Hungary: The Kresz Géza Ambulance Museum and the National Ambulance Service / Part 1
Hungary: The National Ambulance Service (NAS) is the largest medical and ambulance institution of Hungary which have carried out rescue and patient transport duties for nearly seventy years
Hungary: the history of the Hungarian organized ambulance system dates back to the last third of the 19th Century.
The predecessors of NAS were the Budapest Volunteer Ambulance Association, founded in 1887, and the Counties and Cities Ambulance Association, founded in 1926, which operated a nation-wide ambulance station network.
Founded with infrastructural background and knowledge gathered through generations, the new country wide competent institution, the NAS was the result of the history and developing of rescuing of the past 129 years, with one of the founding personalities being Dr. Géza Kresz.
Dr Géza Kresz and the history of ambulances in Hungary
He was a broad-minded, educated, humanistic person who worked tirelessly for the case of ambulances in Hungary.
Dr. Géza Kresz founded the Budapest Volunteer Ambulance Unit (Budapesti Önkéntes Mentő Egyesület – BÖME) in 1887, utilizing the model that was used in Vienna by that time for a few years. In the coming years, he established the organized ambulance system, actively participating in the elimination of cholera.
The construction of the Ambulance Palace in Budapest was his initiative as well.
The building was opened in 1890.
Today, it serves as the Central Ambulance Station of Budapest.
This was one of the first buildings in Europe that was built as an ambulance station and it still serves as the headquarters of the National Ambulance.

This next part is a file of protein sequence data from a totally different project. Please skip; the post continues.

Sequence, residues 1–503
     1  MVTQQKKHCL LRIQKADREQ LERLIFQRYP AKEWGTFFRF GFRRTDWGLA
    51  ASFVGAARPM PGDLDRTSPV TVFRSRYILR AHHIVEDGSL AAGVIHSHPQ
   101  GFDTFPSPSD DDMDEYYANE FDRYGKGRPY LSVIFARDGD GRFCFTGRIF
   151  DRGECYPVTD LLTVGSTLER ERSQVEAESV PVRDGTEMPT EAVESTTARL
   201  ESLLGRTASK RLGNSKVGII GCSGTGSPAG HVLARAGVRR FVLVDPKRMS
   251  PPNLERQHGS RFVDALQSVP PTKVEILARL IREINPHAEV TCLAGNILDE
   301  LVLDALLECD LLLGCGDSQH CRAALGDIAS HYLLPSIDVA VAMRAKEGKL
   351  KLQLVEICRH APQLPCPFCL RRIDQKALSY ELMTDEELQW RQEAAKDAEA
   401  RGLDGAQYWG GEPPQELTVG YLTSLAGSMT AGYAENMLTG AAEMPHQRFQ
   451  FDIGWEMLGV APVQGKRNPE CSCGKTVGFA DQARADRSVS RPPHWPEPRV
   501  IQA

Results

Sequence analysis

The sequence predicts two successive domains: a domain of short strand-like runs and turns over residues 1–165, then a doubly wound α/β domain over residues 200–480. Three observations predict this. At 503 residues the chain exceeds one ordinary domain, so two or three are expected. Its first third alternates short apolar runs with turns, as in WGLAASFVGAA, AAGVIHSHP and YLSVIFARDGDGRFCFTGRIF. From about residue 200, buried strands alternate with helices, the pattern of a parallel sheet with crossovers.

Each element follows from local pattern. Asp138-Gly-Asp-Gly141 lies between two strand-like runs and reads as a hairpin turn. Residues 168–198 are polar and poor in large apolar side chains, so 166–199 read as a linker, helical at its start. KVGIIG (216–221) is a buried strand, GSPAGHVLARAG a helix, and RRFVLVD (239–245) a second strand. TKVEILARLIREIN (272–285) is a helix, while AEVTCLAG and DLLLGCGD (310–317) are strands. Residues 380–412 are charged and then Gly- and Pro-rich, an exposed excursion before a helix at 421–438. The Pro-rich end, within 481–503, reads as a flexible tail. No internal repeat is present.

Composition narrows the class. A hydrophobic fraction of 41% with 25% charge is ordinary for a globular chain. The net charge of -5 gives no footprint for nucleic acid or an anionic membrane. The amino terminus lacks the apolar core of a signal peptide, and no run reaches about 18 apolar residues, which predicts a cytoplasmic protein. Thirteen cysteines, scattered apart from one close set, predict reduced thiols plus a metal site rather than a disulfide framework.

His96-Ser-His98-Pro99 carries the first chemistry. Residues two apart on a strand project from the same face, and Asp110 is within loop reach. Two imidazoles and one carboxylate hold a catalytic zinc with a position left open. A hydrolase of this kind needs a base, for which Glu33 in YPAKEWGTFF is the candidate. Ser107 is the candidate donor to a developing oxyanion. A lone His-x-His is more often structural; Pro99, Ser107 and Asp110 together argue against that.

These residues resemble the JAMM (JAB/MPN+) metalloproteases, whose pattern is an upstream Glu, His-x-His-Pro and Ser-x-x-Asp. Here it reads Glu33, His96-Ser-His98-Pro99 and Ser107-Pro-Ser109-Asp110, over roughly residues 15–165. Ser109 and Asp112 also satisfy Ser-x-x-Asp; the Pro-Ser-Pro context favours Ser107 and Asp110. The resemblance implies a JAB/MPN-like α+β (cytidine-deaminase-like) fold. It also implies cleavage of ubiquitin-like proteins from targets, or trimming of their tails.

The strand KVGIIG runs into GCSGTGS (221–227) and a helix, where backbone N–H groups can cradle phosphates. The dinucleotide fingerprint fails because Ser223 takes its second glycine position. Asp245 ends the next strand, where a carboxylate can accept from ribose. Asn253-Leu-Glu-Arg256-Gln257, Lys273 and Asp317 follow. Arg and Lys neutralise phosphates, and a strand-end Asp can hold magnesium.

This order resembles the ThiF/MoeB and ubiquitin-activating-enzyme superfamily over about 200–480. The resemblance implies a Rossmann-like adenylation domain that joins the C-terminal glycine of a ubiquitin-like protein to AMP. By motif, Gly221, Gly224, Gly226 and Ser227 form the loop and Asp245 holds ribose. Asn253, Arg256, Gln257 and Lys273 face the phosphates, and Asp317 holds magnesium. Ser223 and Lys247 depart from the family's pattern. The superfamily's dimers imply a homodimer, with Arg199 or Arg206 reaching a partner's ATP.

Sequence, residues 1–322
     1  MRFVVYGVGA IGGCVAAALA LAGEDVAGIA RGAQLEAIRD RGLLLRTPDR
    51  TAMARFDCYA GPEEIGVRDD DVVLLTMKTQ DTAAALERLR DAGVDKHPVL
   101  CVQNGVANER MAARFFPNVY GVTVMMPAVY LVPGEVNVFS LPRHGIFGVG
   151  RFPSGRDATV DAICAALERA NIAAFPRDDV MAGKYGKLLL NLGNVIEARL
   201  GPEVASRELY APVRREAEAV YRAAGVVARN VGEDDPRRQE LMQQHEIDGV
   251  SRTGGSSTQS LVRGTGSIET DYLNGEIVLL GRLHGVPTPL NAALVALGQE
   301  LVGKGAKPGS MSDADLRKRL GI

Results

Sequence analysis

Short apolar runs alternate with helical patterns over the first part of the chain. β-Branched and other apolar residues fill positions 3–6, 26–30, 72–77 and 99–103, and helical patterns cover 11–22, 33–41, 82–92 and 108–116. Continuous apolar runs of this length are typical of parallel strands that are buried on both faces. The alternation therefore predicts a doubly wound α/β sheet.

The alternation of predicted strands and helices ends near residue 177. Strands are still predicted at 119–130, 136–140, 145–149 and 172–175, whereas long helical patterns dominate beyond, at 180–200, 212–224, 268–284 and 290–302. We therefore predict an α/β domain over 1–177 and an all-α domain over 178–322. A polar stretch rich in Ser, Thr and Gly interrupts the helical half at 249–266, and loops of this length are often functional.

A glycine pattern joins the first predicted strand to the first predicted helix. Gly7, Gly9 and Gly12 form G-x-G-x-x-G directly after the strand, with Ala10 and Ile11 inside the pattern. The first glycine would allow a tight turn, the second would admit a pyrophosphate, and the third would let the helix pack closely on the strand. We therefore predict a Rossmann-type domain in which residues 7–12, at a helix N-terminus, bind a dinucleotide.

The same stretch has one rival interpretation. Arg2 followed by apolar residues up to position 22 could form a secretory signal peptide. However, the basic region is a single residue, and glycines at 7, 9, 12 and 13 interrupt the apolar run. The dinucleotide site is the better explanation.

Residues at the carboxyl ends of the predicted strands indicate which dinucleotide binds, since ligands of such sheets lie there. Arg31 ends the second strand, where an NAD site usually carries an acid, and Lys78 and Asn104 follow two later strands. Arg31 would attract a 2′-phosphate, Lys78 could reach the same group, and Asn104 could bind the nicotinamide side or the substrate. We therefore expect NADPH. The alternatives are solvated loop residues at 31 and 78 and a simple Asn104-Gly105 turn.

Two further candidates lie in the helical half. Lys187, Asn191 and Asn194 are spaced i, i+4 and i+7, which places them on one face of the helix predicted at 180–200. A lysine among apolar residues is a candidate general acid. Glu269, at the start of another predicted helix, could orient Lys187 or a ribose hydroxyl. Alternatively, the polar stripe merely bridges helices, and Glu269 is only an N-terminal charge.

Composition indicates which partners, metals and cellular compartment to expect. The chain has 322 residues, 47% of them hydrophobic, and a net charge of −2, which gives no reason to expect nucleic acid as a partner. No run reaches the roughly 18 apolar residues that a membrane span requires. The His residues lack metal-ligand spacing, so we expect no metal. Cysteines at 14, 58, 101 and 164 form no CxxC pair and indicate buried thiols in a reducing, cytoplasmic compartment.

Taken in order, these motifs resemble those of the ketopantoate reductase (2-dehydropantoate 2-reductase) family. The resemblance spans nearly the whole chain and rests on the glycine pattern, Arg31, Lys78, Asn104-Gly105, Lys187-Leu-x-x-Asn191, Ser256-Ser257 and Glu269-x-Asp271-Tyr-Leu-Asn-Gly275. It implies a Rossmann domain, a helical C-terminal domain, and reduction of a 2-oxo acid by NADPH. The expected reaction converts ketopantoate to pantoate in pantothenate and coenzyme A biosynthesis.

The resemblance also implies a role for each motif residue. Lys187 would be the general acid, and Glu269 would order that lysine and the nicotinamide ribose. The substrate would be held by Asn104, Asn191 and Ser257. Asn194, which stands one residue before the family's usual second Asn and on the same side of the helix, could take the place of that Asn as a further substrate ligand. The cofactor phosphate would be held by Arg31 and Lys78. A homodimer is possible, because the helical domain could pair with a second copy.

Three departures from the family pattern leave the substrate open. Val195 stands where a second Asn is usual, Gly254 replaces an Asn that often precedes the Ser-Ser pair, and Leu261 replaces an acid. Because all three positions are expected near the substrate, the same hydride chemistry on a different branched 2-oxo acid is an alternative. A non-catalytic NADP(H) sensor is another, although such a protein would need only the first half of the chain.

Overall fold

For his merits, he was ennobled by Emperor Franz Joseph on 24 December 1900, and was given the name de Szemlőhegy (Szemlőhegyi). Dr. Géza Kresz died on 10 April 1901 and was buried in the National Graveyard in Budapest.
Hungary: the ambulance service developed further in the way of more centralized structure, built up with a kind of hierarchical form.
Accordingly, its operation is incomparable. As today, the National Ambulance Service has tripled the number of its ambulance stations, twenty-fold manpower and the number of cars has increased six times.
In order to ensure a more efficient operation, around the mid-60s the National Ambulance Service established the county rescue organizations in county seats managed by the local chief medical officers.
The director and professional administrative departments decided technical and organizational matters.
Their decisions were binding on all county rescue organizations, and arrive in the form of circulars.
Counties had competence in other local cases.
In 2005, this structure changed when the NAS formed the regional ambulance organizations, which have taken over the role of the county rescue organizations.
Officers, paramedics and local chief medical officers perform their duties in accordance with the former governing mechanism.